Rethinking How Social Solutions Impact Profitability

Social sustainability can increase profits by meeting the needs of communities and markets.
— By Debra Jenkins

Profitability and social sustainability seem mutually exclusive because resources spent on social solutions do not produce profits. Or do they? In a marketplace increasingly aware of corporate governance and its responsibilities, the concept of shared values has moved beyond theory into transformative business thinking necessary for economic success. Only a couple of years ago, the idea that corporate social responsibility was integral to company success was regarded as a ploy more related to public relations. It did not take long to realize that bringing social solutions to the marketplace is intricately tied to profitability in an interconnected and globalized marketplace.

Today, it seems so natural to think of profitability and social responsibility as tied together. Stakeholders are more aware of issues connected to environmental and social sustainability and expect corporations to play a leadership role. It is no longer enough for businesses to generate shareholder value. They must create stakeholder value. Since corporations use the world’s resources to produce products, it is only fair that those same companies plow company resources into solving some of the problems in their communities of operation. Companies can put resources towards reducing poverty rates, contributing to environmental sustainability, expanding employment opportunities in communities, and expanding diversity efforts.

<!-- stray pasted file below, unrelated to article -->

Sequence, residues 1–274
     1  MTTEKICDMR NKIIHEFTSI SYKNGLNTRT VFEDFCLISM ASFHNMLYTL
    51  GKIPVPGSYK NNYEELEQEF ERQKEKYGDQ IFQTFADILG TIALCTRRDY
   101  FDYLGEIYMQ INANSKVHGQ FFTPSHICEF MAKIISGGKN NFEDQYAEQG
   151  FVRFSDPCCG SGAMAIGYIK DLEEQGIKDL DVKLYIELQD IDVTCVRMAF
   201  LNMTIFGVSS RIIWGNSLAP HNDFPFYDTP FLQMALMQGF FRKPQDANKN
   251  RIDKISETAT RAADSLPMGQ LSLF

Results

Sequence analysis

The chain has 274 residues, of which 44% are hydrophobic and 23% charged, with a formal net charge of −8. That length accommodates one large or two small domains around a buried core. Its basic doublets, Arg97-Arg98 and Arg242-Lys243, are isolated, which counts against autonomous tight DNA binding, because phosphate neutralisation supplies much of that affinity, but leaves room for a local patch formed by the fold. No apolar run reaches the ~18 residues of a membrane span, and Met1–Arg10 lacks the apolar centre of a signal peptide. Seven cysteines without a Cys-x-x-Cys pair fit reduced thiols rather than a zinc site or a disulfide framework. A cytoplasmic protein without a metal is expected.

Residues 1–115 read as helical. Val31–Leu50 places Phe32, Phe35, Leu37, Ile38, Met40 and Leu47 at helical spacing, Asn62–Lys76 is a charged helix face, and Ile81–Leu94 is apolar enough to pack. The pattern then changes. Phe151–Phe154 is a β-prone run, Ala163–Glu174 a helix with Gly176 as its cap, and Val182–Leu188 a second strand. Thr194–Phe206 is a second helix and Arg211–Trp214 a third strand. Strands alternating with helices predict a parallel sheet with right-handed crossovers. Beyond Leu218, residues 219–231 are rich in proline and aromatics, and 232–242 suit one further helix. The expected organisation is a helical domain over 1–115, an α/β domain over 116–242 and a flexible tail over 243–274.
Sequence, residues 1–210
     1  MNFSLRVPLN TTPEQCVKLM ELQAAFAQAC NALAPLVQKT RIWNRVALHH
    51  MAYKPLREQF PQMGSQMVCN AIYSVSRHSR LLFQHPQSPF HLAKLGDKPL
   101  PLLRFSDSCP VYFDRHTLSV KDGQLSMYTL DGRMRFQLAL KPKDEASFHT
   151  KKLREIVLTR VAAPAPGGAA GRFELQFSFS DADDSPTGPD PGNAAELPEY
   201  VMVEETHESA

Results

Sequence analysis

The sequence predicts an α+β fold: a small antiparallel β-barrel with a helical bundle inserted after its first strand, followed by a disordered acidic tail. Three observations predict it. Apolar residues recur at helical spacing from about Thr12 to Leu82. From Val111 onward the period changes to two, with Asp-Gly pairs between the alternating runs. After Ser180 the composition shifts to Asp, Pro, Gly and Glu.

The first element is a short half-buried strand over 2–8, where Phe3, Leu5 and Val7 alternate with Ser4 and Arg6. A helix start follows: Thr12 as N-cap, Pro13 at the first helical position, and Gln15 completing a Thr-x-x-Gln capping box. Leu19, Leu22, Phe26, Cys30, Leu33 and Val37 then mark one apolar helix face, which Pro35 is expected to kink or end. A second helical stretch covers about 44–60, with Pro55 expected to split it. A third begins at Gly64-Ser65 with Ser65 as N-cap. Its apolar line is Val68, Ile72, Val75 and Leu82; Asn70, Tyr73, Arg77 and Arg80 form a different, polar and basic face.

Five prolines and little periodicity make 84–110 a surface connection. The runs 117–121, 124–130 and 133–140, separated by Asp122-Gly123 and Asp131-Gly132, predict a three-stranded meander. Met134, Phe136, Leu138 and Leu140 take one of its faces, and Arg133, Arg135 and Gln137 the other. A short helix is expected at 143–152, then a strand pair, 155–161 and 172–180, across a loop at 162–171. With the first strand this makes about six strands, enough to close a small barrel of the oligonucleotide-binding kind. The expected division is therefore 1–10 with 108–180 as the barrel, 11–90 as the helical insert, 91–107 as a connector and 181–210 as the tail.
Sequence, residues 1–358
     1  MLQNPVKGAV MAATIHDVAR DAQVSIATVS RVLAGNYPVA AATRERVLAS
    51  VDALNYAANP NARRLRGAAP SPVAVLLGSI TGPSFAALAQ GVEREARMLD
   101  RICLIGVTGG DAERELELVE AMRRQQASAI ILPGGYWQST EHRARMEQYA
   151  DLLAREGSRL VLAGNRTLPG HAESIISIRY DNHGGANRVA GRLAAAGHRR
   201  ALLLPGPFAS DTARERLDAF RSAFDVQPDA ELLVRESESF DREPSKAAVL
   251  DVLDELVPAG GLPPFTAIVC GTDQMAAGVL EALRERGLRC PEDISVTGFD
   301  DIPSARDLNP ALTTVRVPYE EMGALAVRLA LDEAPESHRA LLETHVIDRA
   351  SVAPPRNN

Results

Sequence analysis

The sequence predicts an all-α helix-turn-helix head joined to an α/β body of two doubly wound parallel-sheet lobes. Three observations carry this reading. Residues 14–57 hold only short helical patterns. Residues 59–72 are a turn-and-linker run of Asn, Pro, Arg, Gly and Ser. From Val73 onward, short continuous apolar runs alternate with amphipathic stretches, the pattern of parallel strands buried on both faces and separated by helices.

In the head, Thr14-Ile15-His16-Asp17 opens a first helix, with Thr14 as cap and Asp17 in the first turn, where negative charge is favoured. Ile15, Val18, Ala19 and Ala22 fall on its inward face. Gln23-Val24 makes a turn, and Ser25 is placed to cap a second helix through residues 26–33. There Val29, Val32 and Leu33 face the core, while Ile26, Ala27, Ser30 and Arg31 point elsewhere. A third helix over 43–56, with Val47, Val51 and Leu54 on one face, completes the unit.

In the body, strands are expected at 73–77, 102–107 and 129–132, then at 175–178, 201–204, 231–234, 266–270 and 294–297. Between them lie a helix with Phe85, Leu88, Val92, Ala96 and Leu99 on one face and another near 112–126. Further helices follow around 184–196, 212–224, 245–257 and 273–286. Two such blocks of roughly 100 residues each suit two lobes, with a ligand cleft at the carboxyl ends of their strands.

Social Sustainability Represents Relationships
The idea that corporations should move beyond donating money and become accountable for how profits are used to make social, economic and environmental impacts implies businesses must manage their relationships in the marketplace. Relationships are developed with customers, supply chains, government entities, and community members. Managing those relationships in a way that benefits both the business and stakeholders to drive new business opportunities can lead to profits that would not have been made otherwise. Taking this approach opens up whole new markets because business leadership can choose to address any of a number of challenges in areas of economic development, environmental sustainability, energy, healthcare, education, demographic shifts, climate change, and many others.

So how do businesses structure their approaches to improve social and environmental conditions? A fine balance must be maintained between using company resources to bring measurable social results while maintaining economic success. The first step is getting corporate governance in line. Transparency and top down leadership that ensures company efforts support social responsibility is essential. Otherwise, business activities can be unintentionally self-defeating by working against each other. For example, there are plenty of cases where companies get themselves into trouble by promoting environmental sustainability projects while using non-recyclable product packaging.

A recent example of conflict is found in the fashion industry. Companies selling organic clothing and supporting environmentally sustainable growers were having clothes manufactured overseas by companies in which employees were not paid a living wage and were asked to work in unsafe conditions. Stakeholders are now putting pressure on these companies to make better supply chain decisions, and the stakeholders may or may not be customers. Companies failing to respond to these market demands will find themselves losing business to those that fill the social responsibility gaps.

Creating Linkages